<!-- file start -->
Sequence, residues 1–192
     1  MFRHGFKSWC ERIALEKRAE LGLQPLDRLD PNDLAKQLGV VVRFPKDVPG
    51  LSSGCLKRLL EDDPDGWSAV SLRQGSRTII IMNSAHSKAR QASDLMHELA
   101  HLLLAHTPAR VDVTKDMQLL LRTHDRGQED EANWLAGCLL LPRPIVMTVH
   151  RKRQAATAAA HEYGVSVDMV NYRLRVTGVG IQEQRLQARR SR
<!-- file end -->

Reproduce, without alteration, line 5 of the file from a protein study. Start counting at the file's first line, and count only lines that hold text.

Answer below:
   151  RKRQAATAAA HEYGVSVDMV NYRLRVTGVG IQEQRLQARR SR